therefore information becomes a commodity. And whether you can charge
for that information or not is a different question. The theory is it’s
more valuable. If you start with the notion–let’s agree for the moment
that the higher the affinity, the greater the value. The question is
who pays for that value? Do you pay at higher CPMs? Because remember,
media properties have two constituents–advertisers and the audience.
So who pays for that value? The audience or media companies? If you
can increase the CPM, theoretically, you should lower the price. I’ll
give you an example. I come from a trade publication background. The
CPMs at Information Week are higher than the CPMs at the Wall Street
Journal. Which publication is more valuable? Does it matter? Which

tion is more profitable on a percentage basis? Ah
ha–interesting question. How much do you pay for Information Week?
Zero. How much do you as an audience member pay for the Wall Street
Journal? $l50 per year. Which is more valuable? Value by itself is
not the right question. It’s profitability, it’s return on investment.
If it costs $700 to acquire a subscriber and the lifetime value of that
subscriber is $900, you’re making money. If it’s $400, it’s a shitty
business. Those are the metrics that you’ve got to look at. These are
all applicable to retail as well. These are all applicable to other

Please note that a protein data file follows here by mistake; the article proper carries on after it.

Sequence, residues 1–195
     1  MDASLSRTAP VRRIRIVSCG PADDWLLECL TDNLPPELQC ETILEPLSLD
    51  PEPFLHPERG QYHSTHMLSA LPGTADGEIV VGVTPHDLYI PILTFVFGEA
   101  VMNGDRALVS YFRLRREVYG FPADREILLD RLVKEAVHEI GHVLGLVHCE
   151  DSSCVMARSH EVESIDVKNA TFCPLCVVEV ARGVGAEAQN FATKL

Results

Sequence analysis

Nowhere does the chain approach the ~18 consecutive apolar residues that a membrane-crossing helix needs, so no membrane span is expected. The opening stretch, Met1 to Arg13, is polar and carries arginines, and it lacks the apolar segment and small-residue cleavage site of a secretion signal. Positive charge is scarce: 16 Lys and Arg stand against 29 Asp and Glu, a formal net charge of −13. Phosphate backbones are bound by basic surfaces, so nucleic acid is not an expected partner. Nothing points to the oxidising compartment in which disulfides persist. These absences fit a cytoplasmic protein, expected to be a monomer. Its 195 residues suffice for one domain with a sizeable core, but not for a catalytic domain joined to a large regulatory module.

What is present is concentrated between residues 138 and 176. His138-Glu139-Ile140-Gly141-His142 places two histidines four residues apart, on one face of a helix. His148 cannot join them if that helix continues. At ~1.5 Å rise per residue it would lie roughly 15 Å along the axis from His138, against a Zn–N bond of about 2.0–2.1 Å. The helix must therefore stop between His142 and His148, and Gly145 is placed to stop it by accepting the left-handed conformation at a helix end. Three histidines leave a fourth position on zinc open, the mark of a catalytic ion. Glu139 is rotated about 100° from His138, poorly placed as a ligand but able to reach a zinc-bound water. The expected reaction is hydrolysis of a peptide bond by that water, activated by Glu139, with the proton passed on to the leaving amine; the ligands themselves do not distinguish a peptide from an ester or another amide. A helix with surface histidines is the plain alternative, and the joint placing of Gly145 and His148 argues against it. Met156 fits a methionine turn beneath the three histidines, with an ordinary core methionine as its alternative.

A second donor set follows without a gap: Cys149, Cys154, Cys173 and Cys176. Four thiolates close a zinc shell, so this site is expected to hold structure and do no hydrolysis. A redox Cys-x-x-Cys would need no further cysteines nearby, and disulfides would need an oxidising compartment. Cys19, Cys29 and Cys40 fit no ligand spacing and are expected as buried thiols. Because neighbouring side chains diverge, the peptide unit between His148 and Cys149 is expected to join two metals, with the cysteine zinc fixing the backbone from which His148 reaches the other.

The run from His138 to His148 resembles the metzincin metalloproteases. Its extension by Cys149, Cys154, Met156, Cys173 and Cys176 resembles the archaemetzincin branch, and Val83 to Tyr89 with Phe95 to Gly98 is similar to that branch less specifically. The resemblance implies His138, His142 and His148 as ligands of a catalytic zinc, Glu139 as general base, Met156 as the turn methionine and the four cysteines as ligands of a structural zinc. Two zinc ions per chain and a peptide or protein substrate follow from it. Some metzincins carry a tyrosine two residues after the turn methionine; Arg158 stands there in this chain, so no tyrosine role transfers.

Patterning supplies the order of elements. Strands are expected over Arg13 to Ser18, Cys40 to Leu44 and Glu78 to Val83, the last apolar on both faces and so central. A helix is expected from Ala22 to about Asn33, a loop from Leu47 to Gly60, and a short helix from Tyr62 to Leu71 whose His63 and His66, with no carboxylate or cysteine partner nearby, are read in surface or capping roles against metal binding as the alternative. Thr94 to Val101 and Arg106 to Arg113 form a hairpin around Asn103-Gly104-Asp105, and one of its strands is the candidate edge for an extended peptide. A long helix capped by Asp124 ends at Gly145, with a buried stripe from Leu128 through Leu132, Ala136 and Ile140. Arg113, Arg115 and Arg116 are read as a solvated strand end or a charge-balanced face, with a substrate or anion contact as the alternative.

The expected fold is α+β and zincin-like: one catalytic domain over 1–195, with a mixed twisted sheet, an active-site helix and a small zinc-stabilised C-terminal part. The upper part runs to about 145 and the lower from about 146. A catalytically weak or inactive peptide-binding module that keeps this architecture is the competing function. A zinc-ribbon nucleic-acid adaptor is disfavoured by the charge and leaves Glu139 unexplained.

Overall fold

services that are purely Web based and Web delivered. This is the same
issue. The only difference is you don’t have the sort of duality in the
constituency. You don’t have the ability to say, well, I’m not going to
charge you, I’m going to charge you.

[email protected]: So, sell below cost and try to make money
on advertising.

Colonna: Right. Try to create a duality in the constituency to
create affinity. I’m going to be here, this is really valuable because
I can buy this for less than the price here. Create a high degree of
affinity and at the same time drive up the value. So, theoretically,
they won’t be able to get very high CPMs because they don’t have any
control of the demographic–they can’t say you but not you–but they’ll
get large volume. It’s the same model as a newspaper.

[email protected]: One of the issues on my mind is the lack of
services from an Earthlink in providing a hub and community similar to
what AOL does for its users. It’s obviously important for media
companies to control access and content at this point. Perhaps a merger
between Earthlink and Lycos makes sense.

Colonna: That would be an interesting move. I have no
information but that would be a really interesting move. I think that
there are a lot of complexities between here and there, but yeah, it
could work.

[email protected]: I know some of your partner companies have a
relationship with (a company that provides Web sites the
ability to offer its users co-branded, free Internet access). Seems
like a promising model.

Colonna: I think that the 1stUp model makes sense. If your value
proposition is to sell a low margin commodity product like free Internet
access, then piggybacking off of someone else’s investment in affinity
makes a lot more sense. And so one can envision 1stUp doing a deal with
the NY Yankees which is my favorite example of a high degree of affinity